Blended Learning Requires Teachers to Learn New Skills

Source: MSDF blog, Sep 2012

When each child is able to learn at his or her own pace, teachers have little choice but to let go of the idea that all students must be doing the same thing at the same time.

And while that may sound like a less demanding role than that of omniscient lecturer, teachers quickly discovered otherwise. With students in the same class working on different projects and progressing at their own pace, teachers had to plan out multiple lessons in advance, at a minimum one week and often further ahead, so that those students capable of moving faster through the material were able to do so.

What new skills are required by blended learning?

These “flipped” classrooms place a variety of new demands on teachers, ranging from classroom management skills to facility with digital content tools – with a particular focus on analyzing and using the real-time data about what students are and aren’t learning each day.

The challenge BLAST teachers faced in learning how to use this real-time data to inform their lesson plans and instructional approaches is far from unique. As a recent study from the National Council or Quality Teaching (NCTQ) found, most university schools of education do a poor job of training educators in the use of data-driven assessment and instruction. And although the NCTQ report focused only on traditional assessment tools of classroom exams and standardized tests, it nevertheless underscores the increased importance of training teachers who work in blended learning environments about  the use of daily data to assess and differentiate instruction for all students.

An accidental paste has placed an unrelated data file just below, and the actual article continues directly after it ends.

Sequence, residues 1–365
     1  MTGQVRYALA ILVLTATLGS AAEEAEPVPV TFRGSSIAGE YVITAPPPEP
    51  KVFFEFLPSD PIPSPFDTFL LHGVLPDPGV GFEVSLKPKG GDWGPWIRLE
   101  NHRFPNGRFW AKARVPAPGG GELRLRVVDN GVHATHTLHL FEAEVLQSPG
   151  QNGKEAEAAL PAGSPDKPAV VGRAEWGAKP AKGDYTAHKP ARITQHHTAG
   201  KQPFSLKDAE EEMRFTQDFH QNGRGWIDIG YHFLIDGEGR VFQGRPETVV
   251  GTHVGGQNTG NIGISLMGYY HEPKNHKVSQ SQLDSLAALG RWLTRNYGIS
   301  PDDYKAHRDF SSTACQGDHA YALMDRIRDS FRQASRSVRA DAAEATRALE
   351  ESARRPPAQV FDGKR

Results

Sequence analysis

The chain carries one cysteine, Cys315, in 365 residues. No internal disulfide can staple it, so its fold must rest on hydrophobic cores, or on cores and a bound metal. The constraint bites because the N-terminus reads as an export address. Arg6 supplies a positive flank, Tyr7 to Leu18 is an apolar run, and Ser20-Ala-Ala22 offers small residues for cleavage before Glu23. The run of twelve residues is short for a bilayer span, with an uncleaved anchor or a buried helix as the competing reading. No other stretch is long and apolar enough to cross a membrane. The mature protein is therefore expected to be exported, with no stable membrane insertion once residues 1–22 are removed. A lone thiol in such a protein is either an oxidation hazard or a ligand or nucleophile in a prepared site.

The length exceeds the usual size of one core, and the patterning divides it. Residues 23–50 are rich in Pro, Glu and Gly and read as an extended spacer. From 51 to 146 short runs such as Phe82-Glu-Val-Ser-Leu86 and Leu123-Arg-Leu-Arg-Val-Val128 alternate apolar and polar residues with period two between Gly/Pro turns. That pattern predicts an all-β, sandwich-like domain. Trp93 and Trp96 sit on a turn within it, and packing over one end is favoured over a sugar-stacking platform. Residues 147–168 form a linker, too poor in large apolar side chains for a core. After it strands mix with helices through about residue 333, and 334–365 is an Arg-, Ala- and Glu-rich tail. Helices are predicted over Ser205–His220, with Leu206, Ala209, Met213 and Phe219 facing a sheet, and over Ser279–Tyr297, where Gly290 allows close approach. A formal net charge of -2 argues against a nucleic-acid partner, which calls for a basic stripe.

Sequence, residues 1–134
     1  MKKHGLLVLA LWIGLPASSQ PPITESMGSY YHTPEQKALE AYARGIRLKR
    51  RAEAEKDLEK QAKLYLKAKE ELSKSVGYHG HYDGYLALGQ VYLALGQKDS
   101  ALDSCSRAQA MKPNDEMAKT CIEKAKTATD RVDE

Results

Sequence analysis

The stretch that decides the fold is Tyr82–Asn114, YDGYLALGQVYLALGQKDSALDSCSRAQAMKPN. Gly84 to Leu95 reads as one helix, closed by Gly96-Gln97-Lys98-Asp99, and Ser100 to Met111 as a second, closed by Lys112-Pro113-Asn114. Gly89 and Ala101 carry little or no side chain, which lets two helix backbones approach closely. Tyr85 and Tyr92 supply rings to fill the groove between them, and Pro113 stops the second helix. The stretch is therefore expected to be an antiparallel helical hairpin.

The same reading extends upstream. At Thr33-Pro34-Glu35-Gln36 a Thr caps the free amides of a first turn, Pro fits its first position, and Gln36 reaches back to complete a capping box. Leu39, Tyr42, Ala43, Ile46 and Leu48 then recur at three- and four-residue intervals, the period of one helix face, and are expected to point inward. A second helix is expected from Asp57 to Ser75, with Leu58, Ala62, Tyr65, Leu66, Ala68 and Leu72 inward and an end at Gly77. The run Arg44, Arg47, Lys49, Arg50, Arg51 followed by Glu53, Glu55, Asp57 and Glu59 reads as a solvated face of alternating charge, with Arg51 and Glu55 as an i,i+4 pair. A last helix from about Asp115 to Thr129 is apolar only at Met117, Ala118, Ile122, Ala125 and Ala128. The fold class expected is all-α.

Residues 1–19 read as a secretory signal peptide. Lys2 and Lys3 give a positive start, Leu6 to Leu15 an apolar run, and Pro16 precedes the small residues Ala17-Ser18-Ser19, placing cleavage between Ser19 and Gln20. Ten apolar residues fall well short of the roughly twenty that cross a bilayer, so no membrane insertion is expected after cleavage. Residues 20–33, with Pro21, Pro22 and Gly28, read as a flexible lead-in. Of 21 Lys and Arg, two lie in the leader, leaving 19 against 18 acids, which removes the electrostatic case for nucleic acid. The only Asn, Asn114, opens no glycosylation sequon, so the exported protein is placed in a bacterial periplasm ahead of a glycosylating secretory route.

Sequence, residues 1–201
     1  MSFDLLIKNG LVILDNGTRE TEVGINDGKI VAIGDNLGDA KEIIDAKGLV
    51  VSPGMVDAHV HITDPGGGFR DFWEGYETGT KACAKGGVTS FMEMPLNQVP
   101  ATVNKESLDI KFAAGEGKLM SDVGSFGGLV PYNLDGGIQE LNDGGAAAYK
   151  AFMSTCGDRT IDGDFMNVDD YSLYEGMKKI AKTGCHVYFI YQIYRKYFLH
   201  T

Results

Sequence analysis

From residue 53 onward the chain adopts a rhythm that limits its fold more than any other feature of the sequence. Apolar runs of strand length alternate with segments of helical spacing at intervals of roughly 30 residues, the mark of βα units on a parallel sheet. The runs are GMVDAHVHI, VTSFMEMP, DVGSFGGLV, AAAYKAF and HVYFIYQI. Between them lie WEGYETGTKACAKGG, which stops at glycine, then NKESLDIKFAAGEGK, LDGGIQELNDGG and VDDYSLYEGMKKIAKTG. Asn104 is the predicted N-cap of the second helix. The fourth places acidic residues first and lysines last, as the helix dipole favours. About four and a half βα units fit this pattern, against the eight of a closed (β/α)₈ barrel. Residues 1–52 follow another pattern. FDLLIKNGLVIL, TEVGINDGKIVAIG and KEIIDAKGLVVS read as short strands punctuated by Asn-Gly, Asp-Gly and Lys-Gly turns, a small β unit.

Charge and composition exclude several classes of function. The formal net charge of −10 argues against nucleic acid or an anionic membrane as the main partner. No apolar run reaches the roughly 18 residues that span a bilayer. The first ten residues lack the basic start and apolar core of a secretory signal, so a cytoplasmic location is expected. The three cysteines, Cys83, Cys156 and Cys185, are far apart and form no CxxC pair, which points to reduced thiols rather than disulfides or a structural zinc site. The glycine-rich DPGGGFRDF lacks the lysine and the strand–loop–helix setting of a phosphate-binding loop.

What’s the upside for teachers?

With blended learning still early in its development, there’s no teacher handbook.  All teachers are equally new. The teachers of today are creating best practices and developing techniques for the teachers and education schools of tomorrow.  And that’s both very rewarding and very difficult work. It takes both discipline and agility to monitor and incorporate real-time data into instructional practice. But as one teacher told me, “I am such a better teacher now.  I used to think I was a good teacher and people told me I was a good teacher.  Now I realize how many kids I missed in the traditional classroom.”


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